Levi Case

Topics: Jeans, Levi Strauss & Co., Levi Strauss Pages: 11 (2977 words) Published: March 2, 2009
The case of Levi Strauss (1)

Who doesn’t know Levi’s, the American blue jeans icon known all over the world? Today, Levi’s is one of the world’s largest brand-name companies in the blue jeans and casual pants markets. Its products are sold under the Levi’s, Dockers and Levi Strauss Signature brands. While Levi’s conveys an image of quality and innovation, the brand is mostly recognized for its status as the original pioneer brand among international customers. With sales in more than 100 countries, Levi’s is a global company with three geographic divisions: the Americas, Europe Middle East and Africa and Asia Pacific. In 1853, during the California gold rush, Levi Strauss set up his own business in San Francisco. He sold durable and tough pants that became a standard dress for miners, dockworkers, railroad workers and “cow boys”. However, the first blue jeans were born in 1873. At that time, Jacob Davis, a Levi’s customer, suggested Levi Strauss to patent the process of putting copper rivets in pants for strength. They went into business together and founded what would become the world’s most popular clothes. After the World War II, American products met a great success in the world and enjoyed a strong popularity in Europe. Jeans symbolized American freedom and conveyed many of the core values of American democracy. Therefore, people wore Levi’s jeans as a symbol of their freedom and individuality. Hollywood also had a huge impact on the popularity of blue jeans. By wearing blue jeans, James Dean, for example, in “The Rebel Without a Cause” brought fame to blue jeans and other popular actors did the same. With such images, blue jeans became synonymous with rebelliousness, danger, adventure, and most of all, a non-conformist youth culture.

[pic] Until late 1960’s, there was no or minimal competition and the company decided to expand distribution internationally. In the early 1970’s, the business environment quickly changed and Levi’s faced its first real competitors. It was not prepared to compete in a fast-paced climate and the business became unprofitable. Early 80’s, the company recovered its initial position by focusing on its core competencies and late 80’s, Levi’s identified a new fashion trend, the casual dress, and established a leadership position in that segment with the introduction of the “Docker” brand.

Levi’s started to lose share in the 1990’s
Despite the fact that Levi’s created the market, was synonymous with the word blue jeans and led the category for decades, Levi’s started in the 90’s to lose significant share of the blue jeans market Levi’s felt that it was benefiting from such a high brand awareness and brand leadership position that nothing could happen to itself. New trends started to develop in the market, especially in the teenage market. In the 90s, Levi’s was such a hot and great brand that it thought it would be able to sell the same product to everyone. Though, it didn’t take into account that young people were more fashion-oriented than before. Indeed, it neglected the teenagers’ aspirations, which is a non-sense for a brand once synonymous with rebellious youth movement. The blue jeans were not cool anymore and became out of fashion. It was more suitable for parents than for fashion teens. US teens describe Levi’ jeans as “too straight”, “not baggy enough”, “too plain” and “preppy”. Young people were looking for a product allowing them to show their identity, to set their own style and trends. They could not show their individuality anymore by wearing pant of their parents. Then, a new fashion style emerged at the expense of the traditional blue jeans: the trend toward wide-leg, baggy jeans and combat pants. This new fashion was one of the answers to teenagers’ needs. In fact, it reflected an underground style representing what young people were looking for: authenticity, functionality and non-conformity. It was first adopted by skateboarders and...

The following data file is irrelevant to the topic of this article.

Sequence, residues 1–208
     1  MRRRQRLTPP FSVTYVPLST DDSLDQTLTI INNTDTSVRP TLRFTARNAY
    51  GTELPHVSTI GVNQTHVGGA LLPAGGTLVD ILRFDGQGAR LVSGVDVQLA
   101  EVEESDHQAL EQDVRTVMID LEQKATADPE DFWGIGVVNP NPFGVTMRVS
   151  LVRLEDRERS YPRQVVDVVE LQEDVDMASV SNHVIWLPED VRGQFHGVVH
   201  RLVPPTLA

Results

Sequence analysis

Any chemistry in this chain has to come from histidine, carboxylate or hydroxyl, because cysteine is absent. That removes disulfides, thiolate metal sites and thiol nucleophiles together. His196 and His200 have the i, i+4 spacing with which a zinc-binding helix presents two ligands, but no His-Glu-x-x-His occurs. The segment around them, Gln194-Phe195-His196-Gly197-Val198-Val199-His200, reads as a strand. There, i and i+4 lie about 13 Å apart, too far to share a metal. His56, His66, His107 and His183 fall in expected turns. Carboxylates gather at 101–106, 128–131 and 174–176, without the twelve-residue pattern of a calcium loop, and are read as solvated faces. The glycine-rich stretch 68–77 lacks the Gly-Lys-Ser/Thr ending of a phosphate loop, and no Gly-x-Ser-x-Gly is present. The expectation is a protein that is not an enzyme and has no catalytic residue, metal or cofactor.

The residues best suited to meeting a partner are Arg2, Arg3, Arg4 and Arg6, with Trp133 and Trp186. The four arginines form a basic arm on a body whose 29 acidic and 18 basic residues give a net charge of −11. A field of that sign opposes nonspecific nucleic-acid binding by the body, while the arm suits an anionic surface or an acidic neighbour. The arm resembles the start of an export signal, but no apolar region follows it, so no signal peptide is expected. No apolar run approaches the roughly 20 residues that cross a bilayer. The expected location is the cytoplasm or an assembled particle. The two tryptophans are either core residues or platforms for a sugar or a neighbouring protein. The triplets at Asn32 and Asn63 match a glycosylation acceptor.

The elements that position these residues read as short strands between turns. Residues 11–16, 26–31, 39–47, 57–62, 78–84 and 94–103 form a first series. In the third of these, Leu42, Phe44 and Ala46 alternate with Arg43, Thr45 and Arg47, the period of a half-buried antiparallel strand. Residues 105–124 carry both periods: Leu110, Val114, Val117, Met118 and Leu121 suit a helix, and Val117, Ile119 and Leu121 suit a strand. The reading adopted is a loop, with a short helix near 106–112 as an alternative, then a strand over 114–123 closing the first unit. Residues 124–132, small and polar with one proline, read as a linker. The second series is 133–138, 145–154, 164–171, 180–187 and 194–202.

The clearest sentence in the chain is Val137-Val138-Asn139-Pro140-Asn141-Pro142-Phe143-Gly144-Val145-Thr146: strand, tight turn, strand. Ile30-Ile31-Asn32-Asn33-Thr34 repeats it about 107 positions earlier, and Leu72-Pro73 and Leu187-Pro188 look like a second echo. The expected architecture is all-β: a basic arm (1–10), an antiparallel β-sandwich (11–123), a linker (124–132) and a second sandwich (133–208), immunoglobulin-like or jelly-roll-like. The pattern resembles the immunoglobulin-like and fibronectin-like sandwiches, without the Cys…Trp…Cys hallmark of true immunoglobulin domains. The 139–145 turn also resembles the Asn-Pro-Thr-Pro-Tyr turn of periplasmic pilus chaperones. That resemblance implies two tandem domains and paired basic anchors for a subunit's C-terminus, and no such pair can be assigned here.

Bibliography: • Beck Ernest, “Levi’s takes an international approach with its new marketing pitch in Europe”, Wall Street Journal, New York, Sep 5, 2000, pg. 1.
• Himelstein Linda, “Levi’s is hiking up its pants; but will the brand’s revamped products and marketing play with turned-off teens?”, Business Week, New York, Dec 1, 1997, Iss. 3555, pg. 70.
• Jardine Alexandra, “Life for denim in a combat era”, Marketing, London, Mar 4, 1999, p. 19.
• Nolan Kelly, “Levi’s tries out mass, and likes the way it fits”, DSN Retailing Today, New York, Aug 22, 2005, Vol. 44, Iss. 16, pg. 1, 2 pgs.
• Scardino Emily, “Wal-Mart tapped to host Levi’s coming out party”, DSN Retailing Today, New York, Nov 11, 2002, Vol. 41, Iss. 21, pg. 5, 2 pgs.
• Simms Jane, “When brands bounce back”, Marketing, London, Feb 15, 2001, pg. 26, 2 pgs.
• Voight Joan, “Levi’s scraps line efforts for image”, Brandweek, New York, Apr 28, 1997, Vol. 38, Iss. 17, pg 6.
• Vrontis Demetris, Vronti Peri, “Academic paper: Levi Strauss : an international marketing investigation”, Journal of Fashion Marketing and Management, Bradford, 2004, Vol. 8, Iss. 4, pg. 389.
• Anonymous, “Levi’s antidote: Audience participation”, New Media Age, London, Sep 8, 2005, pg. 19.
|Net Income (loss) |30 390 |(349 317) | |
Source: Levi Strauss Annual Report, 2004
Source: Levi Strauss Annual Report, 2004
* Due to the elimination of Slates dress pants business which contributed to $24.2 million to the decline.
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